Whether you have been fortunate enough to receive a grant from the Government (albeit for furloughing your employees or through your Local Authority) many of you will still face the prospect of borrowing money. This article considers what options are available to you.

However, before doing anything I hope you have made a forecast (building in what you know so far from the Government’s proposals) including any savings you can make, and have begun to make an estimate of the amount of funding you may need. And frankly, given that no-one knows how this episode will play out, even if it looks as if you might just scrape by, I still recommend you make an application to line up some credit, just so that you know that it is available.

When looking at borrowing, what do you need to consider?

– Security – will the lender ask for security against the borrowing? This is only relevant at the time at which you fail to repay the debt. Obviously, we all want our businesses to succeed and none of us should entertain the prospect of borrowing money if we cannot knowingly repay it, but stuff happens – who knew about COVID-19 6 months ago? Security is different for Limited Companies than it is for sole traders and partnerships. A Limited Company can offer a debenture over its assets, such as the value of its stock, or its debtors or a piece of machinery. However, banks are often nervous of taking security from just the Limited Company and like to see the Director with some ’skin in the game’. In those instances, they will ask for a ‘directors guarantee’. These are normally for fixed amounts (equal to the value of the debt) but they expose the directors personal assets in the event that the company fails to fully repay the debt. Consequently, they should never be taken lightly. And in the instance the benefit of ‘limited liability’ does not exist, the lender can step outside of the company and look to the director who gave the guarantee. Sole traders and Partnerships have ‘unlimited liability’ (that’s why people incorporate and try not to give personal guarantees).

– Interest rates – these are important, but I do not believe they need to be ‘deal breakers’ when taken in the round. I would suggest that as a hierarchy of borrowing criteria it is better to achieve ‘unsecured’ (if you are a Limited Company) than it is to get the lowest possible interest rate. But each borrower is different and you must make your own mind up. If borrowing the money is the difference between survival and failure, and your cash flow demonstrates affordability, then the cost of borrowing is less significant. Of course, you must have reasonable confidence in your modelling. So, I wouldn’t be surprised if we saw rates as high as, say 12-14% on unsecured borrowings. It seems a shocking rate, but is it? Let’s face it, getting 6% would be awesome, so you are paying a premium of (say) 6% (if you secured 12%). Back of a fag packet …if you borrow £30k over 3 years, the the average amount borrowed is £15K. If you are paying 12% (6% premium) the additional cost, per month is £75pm – that’s not a deal breaker in my eyes.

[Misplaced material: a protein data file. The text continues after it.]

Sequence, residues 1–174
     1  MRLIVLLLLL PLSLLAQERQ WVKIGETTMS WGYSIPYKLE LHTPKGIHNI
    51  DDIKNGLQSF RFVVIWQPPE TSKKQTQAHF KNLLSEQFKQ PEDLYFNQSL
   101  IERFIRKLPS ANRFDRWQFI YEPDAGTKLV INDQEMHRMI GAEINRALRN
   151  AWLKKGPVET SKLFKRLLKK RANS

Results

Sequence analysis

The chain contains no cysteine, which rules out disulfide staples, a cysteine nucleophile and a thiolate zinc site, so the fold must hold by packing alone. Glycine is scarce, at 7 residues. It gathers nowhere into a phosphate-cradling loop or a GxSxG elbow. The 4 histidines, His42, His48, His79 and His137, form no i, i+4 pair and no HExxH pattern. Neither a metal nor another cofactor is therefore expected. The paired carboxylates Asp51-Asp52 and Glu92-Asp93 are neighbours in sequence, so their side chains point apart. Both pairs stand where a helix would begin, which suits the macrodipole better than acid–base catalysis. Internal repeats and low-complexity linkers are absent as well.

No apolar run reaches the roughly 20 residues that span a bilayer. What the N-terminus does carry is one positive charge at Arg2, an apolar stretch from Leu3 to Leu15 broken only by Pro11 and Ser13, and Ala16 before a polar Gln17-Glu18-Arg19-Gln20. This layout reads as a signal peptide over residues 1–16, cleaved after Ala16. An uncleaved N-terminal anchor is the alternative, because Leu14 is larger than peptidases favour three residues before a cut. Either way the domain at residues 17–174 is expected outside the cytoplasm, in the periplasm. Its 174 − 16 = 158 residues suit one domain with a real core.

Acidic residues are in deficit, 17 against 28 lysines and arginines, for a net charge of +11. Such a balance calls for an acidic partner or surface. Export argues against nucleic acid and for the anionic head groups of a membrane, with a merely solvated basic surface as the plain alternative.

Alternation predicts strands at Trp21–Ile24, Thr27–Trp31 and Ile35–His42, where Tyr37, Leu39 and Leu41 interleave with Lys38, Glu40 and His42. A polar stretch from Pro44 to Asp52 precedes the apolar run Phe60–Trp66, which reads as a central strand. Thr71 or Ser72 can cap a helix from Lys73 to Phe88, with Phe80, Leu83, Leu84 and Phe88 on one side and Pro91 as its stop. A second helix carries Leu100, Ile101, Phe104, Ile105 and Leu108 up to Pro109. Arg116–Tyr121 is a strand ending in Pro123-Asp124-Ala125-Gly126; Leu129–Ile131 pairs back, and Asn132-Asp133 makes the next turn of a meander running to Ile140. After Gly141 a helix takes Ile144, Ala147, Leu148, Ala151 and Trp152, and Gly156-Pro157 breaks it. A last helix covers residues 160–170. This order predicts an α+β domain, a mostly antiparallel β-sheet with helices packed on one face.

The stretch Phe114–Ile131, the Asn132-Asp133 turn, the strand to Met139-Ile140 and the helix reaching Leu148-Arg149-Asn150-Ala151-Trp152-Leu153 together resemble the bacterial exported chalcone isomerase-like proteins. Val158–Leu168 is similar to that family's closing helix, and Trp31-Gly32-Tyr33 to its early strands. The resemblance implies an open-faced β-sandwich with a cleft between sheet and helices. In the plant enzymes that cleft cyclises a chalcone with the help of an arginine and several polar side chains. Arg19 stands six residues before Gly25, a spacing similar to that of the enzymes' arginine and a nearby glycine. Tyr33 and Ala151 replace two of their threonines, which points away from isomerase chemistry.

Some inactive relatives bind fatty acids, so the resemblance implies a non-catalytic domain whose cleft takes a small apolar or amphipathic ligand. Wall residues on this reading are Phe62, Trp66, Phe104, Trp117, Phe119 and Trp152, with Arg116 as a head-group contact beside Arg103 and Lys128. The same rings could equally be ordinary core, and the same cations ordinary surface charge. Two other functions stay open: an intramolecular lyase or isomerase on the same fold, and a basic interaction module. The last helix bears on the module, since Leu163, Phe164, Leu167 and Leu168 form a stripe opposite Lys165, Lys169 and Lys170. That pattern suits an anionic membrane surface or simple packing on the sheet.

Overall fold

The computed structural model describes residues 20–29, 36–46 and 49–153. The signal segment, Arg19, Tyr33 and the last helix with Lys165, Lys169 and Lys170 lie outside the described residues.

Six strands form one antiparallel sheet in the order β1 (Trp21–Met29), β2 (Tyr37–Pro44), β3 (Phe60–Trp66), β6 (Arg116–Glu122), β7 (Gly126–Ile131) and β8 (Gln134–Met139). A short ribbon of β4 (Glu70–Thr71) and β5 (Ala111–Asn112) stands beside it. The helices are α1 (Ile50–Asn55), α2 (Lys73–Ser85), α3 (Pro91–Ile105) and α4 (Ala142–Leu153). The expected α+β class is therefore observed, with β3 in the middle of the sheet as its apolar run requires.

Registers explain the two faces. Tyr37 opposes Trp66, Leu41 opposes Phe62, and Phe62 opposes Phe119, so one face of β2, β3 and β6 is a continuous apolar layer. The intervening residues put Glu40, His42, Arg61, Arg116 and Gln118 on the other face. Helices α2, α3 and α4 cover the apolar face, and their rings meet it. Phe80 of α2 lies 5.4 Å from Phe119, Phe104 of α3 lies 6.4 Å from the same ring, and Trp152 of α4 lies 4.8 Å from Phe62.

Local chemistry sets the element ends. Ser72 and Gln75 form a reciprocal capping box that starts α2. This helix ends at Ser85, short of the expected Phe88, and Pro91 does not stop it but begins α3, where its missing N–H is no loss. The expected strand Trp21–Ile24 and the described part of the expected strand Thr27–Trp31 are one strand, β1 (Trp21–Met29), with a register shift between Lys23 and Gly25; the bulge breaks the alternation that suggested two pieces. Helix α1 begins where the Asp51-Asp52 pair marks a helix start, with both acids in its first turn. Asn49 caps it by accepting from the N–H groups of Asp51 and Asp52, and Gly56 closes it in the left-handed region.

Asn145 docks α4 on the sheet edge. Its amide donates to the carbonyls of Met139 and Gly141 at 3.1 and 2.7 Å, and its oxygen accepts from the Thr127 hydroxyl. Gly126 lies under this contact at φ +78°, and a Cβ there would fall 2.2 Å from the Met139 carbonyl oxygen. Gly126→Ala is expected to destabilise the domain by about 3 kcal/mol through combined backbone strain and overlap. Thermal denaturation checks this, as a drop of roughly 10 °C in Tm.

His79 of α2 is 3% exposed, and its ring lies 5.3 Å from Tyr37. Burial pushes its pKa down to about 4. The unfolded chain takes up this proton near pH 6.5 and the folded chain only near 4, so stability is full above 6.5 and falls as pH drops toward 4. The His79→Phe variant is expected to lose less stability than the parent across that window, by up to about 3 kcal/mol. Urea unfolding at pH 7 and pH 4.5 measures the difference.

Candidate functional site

– Early repayment penalties – if all goes swimmingly (who can remember what that felt like?) and you are able to repay the debt early, there may be a penalty, possibly equivalent to x months interest. Be aware of it, and consider your options – maybe you leave the debt outstanding and sweat the cash to do something really useful for the company?

– Term – the period taken to repay the debt? 3 years? 5 Years? Interest rates may vary, but more importantly, the monthly cost of repayment. This amount needs to sit comfortably in your cash flow.

– The credit process – applications for finance can impact credit scores. Ask the question and understand the implications, if any. But more importantly there is always the chance they will say no. That can have a very depressing effect, you do not want too many no’s. Understanding the likelihood of success at the start of the process is important.

So who is out there to provide loans?

There is currently one lender who is providing interest free debts, unsecured, with no credit process to facilitate short term cash flow finance. The Government. So if you are looking to postpone your VAT, PAYE, Income Tax, Corporation Tax etc. HMRC have indicated that there will be no interest payments (before the agreed date – eg VAT 31 March 2021, but there may be some after), no security requirement (for limited companies), no credit process (it’s automatic, possibly just one phone call to the COVID 19 hotline 0800 024 1222

After that, in no particular order;

– the High Street banks – under normal commercial terms, and currently painfully slow.
– the CBLIS scheme – but only once you have received a ’no’ from the ‘High Street’
– other specialist cash flow lenders – we have several contacts in this area and we are seeing a much faster turnaround than the High Street and very reasonable terms (given the climate)

Conclusion

1, Determine how much you need to borrow, and maybe add some.
2, Consider, in the light of the above, security, interest rates, the credit process and the term

Go out in all directions and (frankly) get as many offers as you can. From that choose the one that most suits your needs

Ask us for any assistance that you need in this process (all part of your normal fee at this time) we are here for you as much as we are able.

Landline – 01326 660022
Mobile/WhatsApp/Text – 07779799995 – Mike Hutchinson
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